The Arkham series transformed the action game canon, and now, six years after the release of Asylum, some games are still paying very direct homage. We all know Batman: Tolkien Edition, aka Shadow of Mordor, and now I’d like to introduce the next Bats wannabe: Batty Batman, aka Mad Max.
The principal ingredients to the recipe invented by Rocksteady remain unchanged: timing-dependent combat with an emphasis on flow, open environments strewn with challenges, and trophies and rewards that must be sought. Mad Max adds a dash of its own spice to the pot, creating an action-game flavour many will enjoy, even though its sensory overload won't live particularly long in the memory.
Magnum Opus: a sweet desert ride
Those fools who thought that Furiosa undeservedly stole the show in Max’s recent cinematic outing will be disappointed to discover he’s been upstaged yet again - this time by his car.
As the opening credits close Max stumbles upon a hunchback mechanic (disconcertingly called Chumbucket) with a plan to make the Sistine Chapel of desert rides: the Magnum Opus. Constructing, and then endlessly tinkering with this four-wheeled death machine is the game’s true MO.
High-octane thrills worthy of the franchise
In the vast apocalyptic wastes a front-facing battering ram or upgraded harpoon make all the difference. Max must use the Opus to face off against other cars, but also to eradicate the static defences of the many encampments. Snipers, flamethrowers, and waterfalls of molotov cocktails stand in your way, and ridding yourself of them is exhilarating.
It’s in these high-octane engagements that Mad Max is most successful; exploding through other cars or pulling a sniper from their tower with a harpoon to the chest. Both in their visual splendour and in spirit, this half of the game is worthy of the frivolity for which the franchise is so well known.
And if you enjoy this as much as I do then you’re in luck: there’s a hell of a lot of it. The world map is gargantuan, and packed with sites of interest. The degree to which the environment scales, moving from vast vistas of desert dunes to the innards of a claustrophobic shanty town is truly impressive. However, the more time you spend on foot, the more the game’s issues make themselves known.
Max is no superhero, and as such his skillset is more human than superhuman. Unlike Batman he can’t glide through the field of play with elegant grace. As a result combat feels staid, and even worse, its flow is broken by Max’s inability to dart from one enemy to the next. The result is more repetitive than anything experienced in the Arkham series, even though it is, for the most part, a satisfying system.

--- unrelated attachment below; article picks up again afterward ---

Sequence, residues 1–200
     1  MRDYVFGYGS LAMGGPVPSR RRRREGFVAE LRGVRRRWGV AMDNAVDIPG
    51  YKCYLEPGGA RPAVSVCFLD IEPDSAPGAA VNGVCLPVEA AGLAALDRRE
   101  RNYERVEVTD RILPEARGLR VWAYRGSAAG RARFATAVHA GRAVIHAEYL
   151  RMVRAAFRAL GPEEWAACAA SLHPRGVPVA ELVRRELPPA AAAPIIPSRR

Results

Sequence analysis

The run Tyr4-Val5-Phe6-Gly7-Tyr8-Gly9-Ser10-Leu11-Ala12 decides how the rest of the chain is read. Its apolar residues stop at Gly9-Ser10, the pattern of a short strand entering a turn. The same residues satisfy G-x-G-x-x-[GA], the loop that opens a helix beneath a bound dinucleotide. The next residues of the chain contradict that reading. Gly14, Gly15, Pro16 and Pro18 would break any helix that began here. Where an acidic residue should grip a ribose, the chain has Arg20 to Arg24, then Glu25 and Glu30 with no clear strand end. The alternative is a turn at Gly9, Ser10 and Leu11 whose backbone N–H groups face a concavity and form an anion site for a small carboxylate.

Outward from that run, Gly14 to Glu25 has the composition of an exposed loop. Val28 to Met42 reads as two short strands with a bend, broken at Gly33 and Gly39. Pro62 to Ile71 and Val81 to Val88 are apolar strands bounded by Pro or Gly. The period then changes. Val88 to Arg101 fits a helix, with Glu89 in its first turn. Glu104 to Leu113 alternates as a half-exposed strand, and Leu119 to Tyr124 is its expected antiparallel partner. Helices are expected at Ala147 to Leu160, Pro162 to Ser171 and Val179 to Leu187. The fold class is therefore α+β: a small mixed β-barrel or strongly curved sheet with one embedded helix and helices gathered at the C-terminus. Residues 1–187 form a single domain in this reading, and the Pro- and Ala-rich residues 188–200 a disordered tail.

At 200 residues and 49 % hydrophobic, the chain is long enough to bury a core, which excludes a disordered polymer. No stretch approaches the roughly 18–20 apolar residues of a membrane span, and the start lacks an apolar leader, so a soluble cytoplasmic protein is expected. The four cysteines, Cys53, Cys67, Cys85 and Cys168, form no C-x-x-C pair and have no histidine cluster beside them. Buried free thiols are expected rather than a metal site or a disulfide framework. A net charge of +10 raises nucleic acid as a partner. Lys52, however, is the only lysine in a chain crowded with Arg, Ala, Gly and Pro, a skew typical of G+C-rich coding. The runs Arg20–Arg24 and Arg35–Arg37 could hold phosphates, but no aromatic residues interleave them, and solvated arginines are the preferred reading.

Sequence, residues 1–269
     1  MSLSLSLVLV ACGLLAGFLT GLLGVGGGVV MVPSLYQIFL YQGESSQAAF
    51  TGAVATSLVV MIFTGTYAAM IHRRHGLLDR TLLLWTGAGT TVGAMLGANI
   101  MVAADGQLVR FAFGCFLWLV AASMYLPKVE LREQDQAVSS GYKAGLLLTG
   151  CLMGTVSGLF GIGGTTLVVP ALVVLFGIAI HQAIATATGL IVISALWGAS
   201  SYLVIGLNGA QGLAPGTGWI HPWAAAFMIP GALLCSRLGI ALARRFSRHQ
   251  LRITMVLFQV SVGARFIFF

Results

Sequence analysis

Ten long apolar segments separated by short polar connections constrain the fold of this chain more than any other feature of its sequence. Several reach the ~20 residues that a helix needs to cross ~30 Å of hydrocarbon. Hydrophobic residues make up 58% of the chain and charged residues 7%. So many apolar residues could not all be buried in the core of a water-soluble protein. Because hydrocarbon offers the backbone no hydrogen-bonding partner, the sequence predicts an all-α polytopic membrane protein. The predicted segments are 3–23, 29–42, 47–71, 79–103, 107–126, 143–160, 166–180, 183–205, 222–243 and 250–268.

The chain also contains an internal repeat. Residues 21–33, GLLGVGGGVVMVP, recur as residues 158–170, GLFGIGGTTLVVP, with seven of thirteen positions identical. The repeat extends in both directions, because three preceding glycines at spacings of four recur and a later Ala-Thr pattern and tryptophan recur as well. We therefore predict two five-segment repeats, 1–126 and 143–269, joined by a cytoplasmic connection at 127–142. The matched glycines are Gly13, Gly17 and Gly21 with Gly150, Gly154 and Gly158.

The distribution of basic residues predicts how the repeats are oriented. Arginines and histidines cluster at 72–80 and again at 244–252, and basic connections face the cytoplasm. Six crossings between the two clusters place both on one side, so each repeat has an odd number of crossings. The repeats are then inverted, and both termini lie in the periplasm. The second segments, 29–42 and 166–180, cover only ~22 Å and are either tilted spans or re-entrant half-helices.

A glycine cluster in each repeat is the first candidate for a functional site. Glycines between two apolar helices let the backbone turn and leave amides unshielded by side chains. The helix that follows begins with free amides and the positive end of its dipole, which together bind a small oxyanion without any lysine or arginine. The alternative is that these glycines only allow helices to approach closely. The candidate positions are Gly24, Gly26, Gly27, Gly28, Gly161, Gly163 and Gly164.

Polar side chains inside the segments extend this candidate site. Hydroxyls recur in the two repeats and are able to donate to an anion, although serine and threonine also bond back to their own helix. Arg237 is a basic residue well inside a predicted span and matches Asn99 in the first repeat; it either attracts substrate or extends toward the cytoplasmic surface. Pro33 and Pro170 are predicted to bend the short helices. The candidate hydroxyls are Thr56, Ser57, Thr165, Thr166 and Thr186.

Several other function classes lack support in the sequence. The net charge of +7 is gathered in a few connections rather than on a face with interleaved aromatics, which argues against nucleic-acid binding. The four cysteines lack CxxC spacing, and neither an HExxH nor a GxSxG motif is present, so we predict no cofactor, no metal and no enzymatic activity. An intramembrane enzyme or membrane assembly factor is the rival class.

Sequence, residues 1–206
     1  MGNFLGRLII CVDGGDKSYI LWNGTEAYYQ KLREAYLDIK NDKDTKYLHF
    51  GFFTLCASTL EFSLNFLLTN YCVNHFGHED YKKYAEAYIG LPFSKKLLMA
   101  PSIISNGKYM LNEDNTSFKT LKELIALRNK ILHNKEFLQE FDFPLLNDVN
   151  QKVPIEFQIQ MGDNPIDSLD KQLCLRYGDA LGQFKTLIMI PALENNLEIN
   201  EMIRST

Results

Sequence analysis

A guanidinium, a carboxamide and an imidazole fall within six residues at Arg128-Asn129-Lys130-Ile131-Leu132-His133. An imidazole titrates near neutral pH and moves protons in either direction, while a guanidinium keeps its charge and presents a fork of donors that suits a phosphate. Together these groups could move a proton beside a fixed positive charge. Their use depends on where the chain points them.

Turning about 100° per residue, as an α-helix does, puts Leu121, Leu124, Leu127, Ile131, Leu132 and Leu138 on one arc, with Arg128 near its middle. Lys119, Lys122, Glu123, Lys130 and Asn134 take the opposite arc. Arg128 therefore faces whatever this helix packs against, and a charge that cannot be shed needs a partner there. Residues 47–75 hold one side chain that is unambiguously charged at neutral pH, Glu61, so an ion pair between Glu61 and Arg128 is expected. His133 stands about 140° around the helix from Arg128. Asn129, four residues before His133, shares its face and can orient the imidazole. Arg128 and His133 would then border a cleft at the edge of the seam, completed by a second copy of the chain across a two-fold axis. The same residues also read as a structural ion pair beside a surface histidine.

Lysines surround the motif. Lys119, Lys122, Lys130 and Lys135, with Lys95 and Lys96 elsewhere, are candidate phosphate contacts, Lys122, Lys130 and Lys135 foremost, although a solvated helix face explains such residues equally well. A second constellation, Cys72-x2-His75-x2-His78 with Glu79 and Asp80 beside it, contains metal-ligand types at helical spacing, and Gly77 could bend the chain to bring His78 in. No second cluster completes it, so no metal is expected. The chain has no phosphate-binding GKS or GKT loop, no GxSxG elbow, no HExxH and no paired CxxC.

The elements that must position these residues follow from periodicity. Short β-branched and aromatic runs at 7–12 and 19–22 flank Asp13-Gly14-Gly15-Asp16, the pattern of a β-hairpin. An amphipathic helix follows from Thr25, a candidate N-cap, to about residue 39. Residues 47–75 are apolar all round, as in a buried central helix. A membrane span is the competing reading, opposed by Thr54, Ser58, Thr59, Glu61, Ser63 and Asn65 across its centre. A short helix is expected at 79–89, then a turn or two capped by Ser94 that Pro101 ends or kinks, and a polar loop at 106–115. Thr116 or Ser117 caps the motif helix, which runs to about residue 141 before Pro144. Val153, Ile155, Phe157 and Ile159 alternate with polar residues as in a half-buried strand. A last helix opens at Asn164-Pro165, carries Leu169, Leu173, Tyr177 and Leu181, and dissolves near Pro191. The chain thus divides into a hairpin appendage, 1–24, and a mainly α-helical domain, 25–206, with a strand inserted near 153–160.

New enemies are introduced in a regular fashion and bases become more intimidating, but there is a homogeneity to Mad Max’s on-foot adventuring that lead me, eventually, to bore slightly of its scrap heaps and warboys. No, I pined for time with my Opus, time on the desert dunes scanning for quarry with whom I could eradicate in a stylish barrage of collisions and explosions.
Yet against my will the game would continually insist that I was pulled back into my fleshy body with its ineffectual limbs and lack of nitrous oxide.
Mad Max verdict
If only our Aussie hero wasn’t holding the Magnum Opus back, then Mad Max would be a smash from start to finish. As it stands, the game is left in the shadow of its contemporaries, with a formula that ever so slightly misses the mark.
Lets be very clear, this is not the Mad Max: Fury Road video game. You’re not Tom Hardy and you’re definitely not Mel Gibson. This is an open world game based on the two crucial traits as pointed out by Avalanche Studios’ audio designer Magnus Lindberg, “Freedom and incentive for the player to explore the world you’ve created.”
The desolate, dystopian universe that Max Rockatansky exists in is just a mythos (a downright miserable one) - each film being a unique take, with this game being an additional one. Game designer Emil Kraftling emphasised this saying, “That was very much intended from the start, because that would allow us the creative freedom to make the best possible games, the best possible game experience and not be limited by dictated rules in terms of story.”
That means you’re not going to be fighting to protect a pregnant Rosie Huntington-Whiteley from Immortan Joe - you’re going to be driving around beating up warboys, collecting fuel, surviving and indirectly helping out the inhabitants not trying to kill you. As Magnus said, “There’s a different mindset in the wasteland. You don’t have an abundance of everything, everywhere at any time so as a player you have to calculate your steps.”